A red square and a blue square overlap so that the corner of the red square rests on the centre of the blue square. Show that, whatever the orientation of the red square, it covers a quarter of the. . . .

Can you find a reliable strategy for choosing coordinates that will locate the treasure in the minimum number of guesses?

This article gives you a few ideas for understanding the Got It! game and how you might find a winning strategy.

Investigate how the four L-shapes fit together to make an enlarged L-shape. You could explore this idea with other shapes too.

Meg and Mo need to hang their marbles so that they balance. Use the interactivity to experiment and find out what they need to do.

A game for 1 or 2 people. Use the interactive version, or play with friends. Try to round up as many counters as possible.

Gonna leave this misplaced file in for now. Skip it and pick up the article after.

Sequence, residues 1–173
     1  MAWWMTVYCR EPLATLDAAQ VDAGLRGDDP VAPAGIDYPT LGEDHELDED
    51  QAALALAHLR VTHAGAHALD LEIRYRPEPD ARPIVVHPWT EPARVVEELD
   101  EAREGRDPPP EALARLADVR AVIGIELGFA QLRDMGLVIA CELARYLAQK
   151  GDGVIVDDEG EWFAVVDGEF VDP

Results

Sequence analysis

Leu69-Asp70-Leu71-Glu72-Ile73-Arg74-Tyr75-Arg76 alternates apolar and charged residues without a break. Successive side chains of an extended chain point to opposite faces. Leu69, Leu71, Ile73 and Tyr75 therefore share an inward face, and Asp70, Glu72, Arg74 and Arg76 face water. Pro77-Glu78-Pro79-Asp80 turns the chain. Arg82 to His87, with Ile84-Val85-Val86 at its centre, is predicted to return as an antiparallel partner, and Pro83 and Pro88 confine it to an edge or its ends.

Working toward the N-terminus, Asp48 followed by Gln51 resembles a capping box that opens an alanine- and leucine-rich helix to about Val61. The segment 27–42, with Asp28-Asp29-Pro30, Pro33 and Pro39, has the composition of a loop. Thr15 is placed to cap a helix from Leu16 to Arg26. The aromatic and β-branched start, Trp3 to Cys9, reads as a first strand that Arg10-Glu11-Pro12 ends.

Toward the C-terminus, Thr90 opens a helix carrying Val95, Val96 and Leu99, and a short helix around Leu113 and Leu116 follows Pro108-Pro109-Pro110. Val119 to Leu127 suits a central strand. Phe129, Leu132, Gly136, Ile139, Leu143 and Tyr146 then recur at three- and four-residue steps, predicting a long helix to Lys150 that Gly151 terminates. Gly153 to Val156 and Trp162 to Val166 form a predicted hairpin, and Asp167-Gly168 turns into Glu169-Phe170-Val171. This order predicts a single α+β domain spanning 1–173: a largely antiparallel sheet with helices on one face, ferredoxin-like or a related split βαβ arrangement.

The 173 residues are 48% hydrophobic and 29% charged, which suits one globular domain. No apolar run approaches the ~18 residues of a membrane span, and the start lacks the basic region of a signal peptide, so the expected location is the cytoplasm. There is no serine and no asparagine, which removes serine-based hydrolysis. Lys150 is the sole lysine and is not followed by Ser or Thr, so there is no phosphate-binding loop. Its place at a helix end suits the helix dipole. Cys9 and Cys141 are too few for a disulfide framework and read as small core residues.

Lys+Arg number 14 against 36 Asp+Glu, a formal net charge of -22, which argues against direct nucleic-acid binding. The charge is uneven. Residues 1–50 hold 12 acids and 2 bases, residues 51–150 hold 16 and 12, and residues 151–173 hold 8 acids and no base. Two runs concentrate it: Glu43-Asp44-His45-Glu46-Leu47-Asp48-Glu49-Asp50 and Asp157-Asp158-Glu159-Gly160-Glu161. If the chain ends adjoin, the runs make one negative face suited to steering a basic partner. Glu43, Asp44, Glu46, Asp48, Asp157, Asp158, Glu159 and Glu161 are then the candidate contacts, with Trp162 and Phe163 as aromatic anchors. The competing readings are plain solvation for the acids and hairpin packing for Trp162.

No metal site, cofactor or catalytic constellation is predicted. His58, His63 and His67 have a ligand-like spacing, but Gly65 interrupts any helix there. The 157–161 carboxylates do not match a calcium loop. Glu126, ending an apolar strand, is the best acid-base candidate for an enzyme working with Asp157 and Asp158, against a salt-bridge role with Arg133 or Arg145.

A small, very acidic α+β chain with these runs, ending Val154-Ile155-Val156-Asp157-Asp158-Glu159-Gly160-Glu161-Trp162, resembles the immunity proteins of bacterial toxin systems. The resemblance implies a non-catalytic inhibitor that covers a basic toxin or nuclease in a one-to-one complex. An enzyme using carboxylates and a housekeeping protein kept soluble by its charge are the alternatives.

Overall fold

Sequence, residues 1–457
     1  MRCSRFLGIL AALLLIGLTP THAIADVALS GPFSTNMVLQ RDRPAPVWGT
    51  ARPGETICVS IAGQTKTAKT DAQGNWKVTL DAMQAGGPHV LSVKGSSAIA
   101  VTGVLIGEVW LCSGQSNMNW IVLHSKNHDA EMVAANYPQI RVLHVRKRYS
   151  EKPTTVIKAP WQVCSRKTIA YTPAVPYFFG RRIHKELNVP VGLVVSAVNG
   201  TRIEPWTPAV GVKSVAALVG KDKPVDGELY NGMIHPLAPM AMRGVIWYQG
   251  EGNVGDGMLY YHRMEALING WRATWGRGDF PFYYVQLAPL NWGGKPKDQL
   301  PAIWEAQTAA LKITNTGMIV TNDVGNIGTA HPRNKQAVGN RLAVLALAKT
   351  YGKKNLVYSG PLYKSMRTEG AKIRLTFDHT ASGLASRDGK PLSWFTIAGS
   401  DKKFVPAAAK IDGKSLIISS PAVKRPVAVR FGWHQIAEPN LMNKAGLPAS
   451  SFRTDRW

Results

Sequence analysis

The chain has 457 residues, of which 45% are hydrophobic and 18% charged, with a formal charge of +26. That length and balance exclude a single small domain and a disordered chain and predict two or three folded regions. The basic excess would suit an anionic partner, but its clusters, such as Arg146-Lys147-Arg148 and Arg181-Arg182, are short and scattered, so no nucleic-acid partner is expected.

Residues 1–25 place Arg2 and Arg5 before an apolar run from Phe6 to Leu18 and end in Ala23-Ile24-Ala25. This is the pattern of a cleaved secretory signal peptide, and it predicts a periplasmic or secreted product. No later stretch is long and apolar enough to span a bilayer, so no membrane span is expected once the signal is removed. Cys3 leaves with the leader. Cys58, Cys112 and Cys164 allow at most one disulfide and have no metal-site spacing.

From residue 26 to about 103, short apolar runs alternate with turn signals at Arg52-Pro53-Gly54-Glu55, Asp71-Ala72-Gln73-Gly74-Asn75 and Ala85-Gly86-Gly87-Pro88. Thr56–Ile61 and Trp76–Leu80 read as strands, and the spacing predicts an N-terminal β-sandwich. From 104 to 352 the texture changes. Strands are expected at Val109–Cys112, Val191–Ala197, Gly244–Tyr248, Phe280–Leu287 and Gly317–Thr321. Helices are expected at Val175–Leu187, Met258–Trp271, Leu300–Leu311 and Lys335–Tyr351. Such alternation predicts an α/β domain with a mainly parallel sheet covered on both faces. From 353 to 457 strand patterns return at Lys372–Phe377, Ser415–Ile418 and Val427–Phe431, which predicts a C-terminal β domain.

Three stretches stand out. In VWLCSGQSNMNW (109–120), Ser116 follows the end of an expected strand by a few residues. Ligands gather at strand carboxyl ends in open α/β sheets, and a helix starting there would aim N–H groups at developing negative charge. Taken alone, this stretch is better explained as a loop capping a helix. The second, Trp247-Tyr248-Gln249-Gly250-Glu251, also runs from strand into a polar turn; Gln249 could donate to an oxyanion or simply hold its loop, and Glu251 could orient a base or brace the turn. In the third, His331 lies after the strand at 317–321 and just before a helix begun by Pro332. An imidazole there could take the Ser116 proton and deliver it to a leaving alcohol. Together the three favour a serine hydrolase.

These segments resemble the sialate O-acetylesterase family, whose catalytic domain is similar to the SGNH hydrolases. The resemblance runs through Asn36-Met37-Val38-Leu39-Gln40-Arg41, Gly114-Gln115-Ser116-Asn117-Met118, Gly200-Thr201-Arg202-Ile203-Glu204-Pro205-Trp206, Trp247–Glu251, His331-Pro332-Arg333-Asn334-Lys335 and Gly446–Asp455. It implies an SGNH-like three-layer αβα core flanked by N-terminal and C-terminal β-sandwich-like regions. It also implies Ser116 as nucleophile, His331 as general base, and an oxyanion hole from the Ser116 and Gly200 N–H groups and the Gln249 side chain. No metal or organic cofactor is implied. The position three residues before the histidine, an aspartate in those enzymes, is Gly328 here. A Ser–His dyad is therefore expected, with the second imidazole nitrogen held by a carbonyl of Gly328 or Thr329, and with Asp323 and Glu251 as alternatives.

A game for 2 players that can be played online. Players take it in turns to select a word from the 9 words given. The aim is to select all the occurrences of the same letter.

How can the same pieces of the tangram make this bowl before and after it was chipped? Use the interactivity to try and work out what is going on!

Can you work out what is wrong with the cogs on a UK 2 pound coin?

A collection of resources to support work on Factors and Multiples at Secondary level.

A game in which players take it in turns to choose a number. Can you block your opponent?

Seeing Squares game for an adult and child. Can you come up with a way of always winning this game?

Mo has left, but Meg is still experimenting. Use the interactivity to help you find out how she can alter her pouch of marbles and still keep the two pouches balanced.

Players take it in turns to choose a dot on the grid. The winner is the first to have four dots that can be joined to form a square.

Add or subtract the two numbers on the spinners and try to complete a row of three. Are there some numbers that are good to aim for?